Skrifennow

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Cartographic decisions for dissertation

Sep 18, 2014

So now I've (almost) finished writing my dissertation, I'm putting in the various figures. I'm mainly using QGIS for this, most of the time the map composition feels more intuitive than ArcMap.

My previous post showed a three colour composite of showing image (or an aspect layer), elevation and slope, but I think that can be difficult to interpret, becasue a steep slope would either be blue, cyan, or magenta or white depending on what else is in the other layers.

So I'll be doing pseudocolour like this, using an image layer underlaid using transparency. I'm using meters in an Equicylindrical projection with 40 degrees latitude parallel. I think its nice to have metres as units for figures of individual objects/tiles, but maybe lat/long would work better for larger summary plots?

Elevation - overview east of Hellas

This is one of the areas I'm focusing analysis of the results for the dissertation. There are two tiles with 50m HRSC topography, and other tiles available at 75m, including the well-studied Crater Greg.

 Elevation

 Slope

I'm using a single colour ramp for slope at the moment, I think this is probably clearer than a spectral pattern.

Curvature layers

I wasn't sure which colour scheme to do this in, given they can be both positive and negative, but purple/green seems to be alright, as long as its clear which is positive.


An overview of glaciers in the mid-latitudes of Mars

Sep 2, 2014

The paper by Colin Souness et al. in 2012 (link) gave an inventory of Martian "Glacier-like forms"

Here is where they are found plotted on a layerstack of Mars Express HRSC DTM tiles, where red=nadir image, green = elevation, and blue = slope, falling back to MOLA topography in areas I don't have that tile because it didn't underlay any Souness GLFs. For MOLA I use aspect as a substitute for the image layer.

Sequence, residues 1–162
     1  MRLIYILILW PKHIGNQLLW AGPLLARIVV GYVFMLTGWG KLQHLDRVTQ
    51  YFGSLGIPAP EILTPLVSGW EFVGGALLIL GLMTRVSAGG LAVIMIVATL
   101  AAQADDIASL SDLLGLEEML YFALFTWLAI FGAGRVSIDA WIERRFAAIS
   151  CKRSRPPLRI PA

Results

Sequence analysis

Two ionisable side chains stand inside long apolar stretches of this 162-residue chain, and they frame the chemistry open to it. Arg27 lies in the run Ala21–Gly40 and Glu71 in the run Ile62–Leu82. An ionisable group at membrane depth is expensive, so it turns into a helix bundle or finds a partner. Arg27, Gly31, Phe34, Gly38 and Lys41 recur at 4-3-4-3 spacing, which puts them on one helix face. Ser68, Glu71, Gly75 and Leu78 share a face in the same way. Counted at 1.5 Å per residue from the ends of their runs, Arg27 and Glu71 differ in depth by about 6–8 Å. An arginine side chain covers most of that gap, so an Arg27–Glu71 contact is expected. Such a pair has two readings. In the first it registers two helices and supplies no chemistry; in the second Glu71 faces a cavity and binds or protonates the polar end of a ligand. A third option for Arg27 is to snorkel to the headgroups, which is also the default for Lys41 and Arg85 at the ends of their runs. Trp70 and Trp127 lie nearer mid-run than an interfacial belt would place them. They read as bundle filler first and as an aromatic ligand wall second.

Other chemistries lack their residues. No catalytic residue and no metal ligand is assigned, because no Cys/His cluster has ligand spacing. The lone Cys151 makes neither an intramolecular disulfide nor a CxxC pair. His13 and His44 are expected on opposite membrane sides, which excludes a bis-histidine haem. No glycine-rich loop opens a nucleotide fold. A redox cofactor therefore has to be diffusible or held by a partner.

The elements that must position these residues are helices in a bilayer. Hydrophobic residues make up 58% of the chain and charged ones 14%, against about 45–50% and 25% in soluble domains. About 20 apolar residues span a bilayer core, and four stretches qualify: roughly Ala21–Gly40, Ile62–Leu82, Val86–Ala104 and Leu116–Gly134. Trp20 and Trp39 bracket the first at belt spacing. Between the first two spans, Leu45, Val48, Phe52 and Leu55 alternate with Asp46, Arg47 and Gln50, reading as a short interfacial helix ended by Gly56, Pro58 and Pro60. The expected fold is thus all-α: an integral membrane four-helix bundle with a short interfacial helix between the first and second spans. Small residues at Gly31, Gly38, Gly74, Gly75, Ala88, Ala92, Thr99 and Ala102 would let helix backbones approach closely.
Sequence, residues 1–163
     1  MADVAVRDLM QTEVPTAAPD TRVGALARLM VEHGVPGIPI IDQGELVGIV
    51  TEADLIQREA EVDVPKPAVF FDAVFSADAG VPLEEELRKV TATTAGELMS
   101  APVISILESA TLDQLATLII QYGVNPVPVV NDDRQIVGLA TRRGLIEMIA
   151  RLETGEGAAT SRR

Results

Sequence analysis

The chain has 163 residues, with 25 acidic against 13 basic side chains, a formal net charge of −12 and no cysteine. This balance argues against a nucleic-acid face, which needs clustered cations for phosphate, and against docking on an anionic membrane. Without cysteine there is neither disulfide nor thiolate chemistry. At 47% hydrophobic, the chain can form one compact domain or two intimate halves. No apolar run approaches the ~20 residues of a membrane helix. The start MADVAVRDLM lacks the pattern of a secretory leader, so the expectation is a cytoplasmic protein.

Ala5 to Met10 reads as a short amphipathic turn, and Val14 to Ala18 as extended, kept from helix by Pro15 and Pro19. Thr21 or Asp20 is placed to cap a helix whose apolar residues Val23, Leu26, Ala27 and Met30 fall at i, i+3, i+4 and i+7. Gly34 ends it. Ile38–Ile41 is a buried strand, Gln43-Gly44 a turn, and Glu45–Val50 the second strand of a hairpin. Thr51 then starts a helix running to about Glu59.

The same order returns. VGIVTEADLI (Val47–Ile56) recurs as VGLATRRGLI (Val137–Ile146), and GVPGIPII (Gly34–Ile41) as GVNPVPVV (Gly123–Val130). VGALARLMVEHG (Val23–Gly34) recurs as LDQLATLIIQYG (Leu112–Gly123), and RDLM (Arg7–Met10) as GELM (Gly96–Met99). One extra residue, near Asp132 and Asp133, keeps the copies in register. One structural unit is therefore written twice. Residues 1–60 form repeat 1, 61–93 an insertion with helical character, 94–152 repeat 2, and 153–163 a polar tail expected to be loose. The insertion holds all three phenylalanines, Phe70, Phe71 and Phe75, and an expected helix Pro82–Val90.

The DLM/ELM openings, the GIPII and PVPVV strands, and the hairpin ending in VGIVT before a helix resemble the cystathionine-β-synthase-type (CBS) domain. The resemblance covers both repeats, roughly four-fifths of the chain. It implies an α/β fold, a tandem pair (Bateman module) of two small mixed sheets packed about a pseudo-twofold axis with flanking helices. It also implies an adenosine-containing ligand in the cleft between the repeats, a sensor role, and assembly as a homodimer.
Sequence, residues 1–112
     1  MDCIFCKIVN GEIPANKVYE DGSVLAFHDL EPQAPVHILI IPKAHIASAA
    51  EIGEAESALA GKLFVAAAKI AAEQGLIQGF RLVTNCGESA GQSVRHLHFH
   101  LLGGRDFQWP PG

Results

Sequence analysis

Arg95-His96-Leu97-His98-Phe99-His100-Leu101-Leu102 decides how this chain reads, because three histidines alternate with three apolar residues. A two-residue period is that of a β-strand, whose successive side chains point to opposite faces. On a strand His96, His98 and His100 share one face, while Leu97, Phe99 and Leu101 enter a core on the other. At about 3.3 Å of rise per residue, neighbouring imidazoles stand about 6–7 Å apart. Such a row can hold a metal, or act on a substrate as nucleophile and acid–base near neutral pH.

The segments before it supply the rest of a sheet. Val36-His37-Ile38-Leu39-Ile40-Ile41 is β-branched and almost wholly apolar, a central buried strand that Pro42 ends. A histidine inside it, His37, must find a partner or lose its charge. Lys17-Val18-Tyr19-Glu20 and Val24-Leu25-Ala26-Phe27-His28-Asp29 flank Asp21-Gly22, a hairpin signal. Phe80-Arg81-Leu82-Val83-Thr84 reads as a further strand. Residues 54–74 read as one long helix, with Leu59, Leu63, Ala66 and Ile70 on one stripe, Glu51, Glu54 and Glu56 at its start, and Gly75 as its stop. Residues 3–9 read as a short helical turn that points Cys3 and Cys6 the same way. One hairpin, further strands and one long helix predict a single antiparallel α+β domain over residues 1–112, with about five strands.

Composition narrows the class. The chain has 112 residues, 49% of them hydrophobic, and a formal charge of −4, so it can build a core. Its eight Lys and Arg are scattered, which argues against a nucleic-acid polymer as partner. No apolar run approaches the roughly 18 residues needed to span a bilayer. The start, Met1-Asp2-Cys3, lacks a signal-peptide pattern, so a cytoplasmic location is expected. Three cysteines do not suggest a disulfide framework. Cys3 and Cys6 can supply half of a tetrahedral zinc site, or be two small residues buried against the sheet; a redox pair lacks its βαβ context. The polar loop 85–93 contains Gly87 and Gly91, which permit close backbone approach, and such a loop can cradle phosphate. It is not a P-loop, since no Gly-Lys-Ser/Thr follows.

The Souness GLFs are numbered, but not all are plotted because QGIS automatically avoids plotting too many labels on top of each other.

The coordinates are Mars Equicylindrical, with a standard parallell of 40 degrees.

Northern Hemisphere (25 to 65N)




Southern Hemisphere (25 to 65 S)

 











Analysis of Crater Greg using LandSerf

Aug 28, 2014

I had some trouble with geomorphons, because I couldn't get the GRASS 7 extension to compile in Linux for unclear reasons, so I was limited to using the Windows version inside a virtual machine, and it decided to crash when presented with Mars data, although it was OK with Earth DTMs...

I have however been using LandSerf to generate curvature layers, and a feature classification, so here we are, for the well known (at least to Martian glaciologists) crater "Greg":

I hope you're not too confused by the use of transparency...

Units are in metres.

Some of the glaciers form a channel as they are constrained by topography, but not all channels are glaciers.....

Using longitudinal curvature calculated in LandSerf, showing negative curvature where a slope starts off steep and shallows as it goes down, which the Martian glaciers in Greg and elsewhere generally do, (Bryn Hubbard et al.):



Using RSGISLib to segment a layerstack consisting of nadir image, elevation, slope, aspect, and curvature layers:


Selecting all slopes above 15 degrees



Geomorphons of mid-Wales

Aug 24, 2014

Following the machine-vision based method of topographic analysis, "Geomorphons" by Stepinski and Jasiewicz, here's an example of the method applied to mid-Wales:

The authors argue that the method can make a useful analysis of topography at differing scales, in a better way than typical differential-geometry based methods do.

A close-up of the Aberystwyth area:

The method is available either as an extension to version 7 of the open-source GRASS GIS software, or, for small datasets, as an online interface.


After a number of hours, a wider search area can be made to match the scale of Stepinski and Jasiewicz's map of Poland in their paper , in which the authors used a DEM at 30m resolution at a search radius of 50 cells.



Hopefully I'll have something useful from this method applied to Mars in time to go in my dissertation....

Website: Space Informatics Lab - University of Cincinnati

Segmenting with LandSerf: Wales DEM

Aug 7, 2014

Using some more SRTM tiles, I will try segmenting the DEM of Wales, using the elevation, slope, aspect, and several curvature layers generated in LandSerf:


 Here is an example segmentation showing the mid-Wales area with RSGISlib with a minimum object size of 80 pixels (0.2sqkm):



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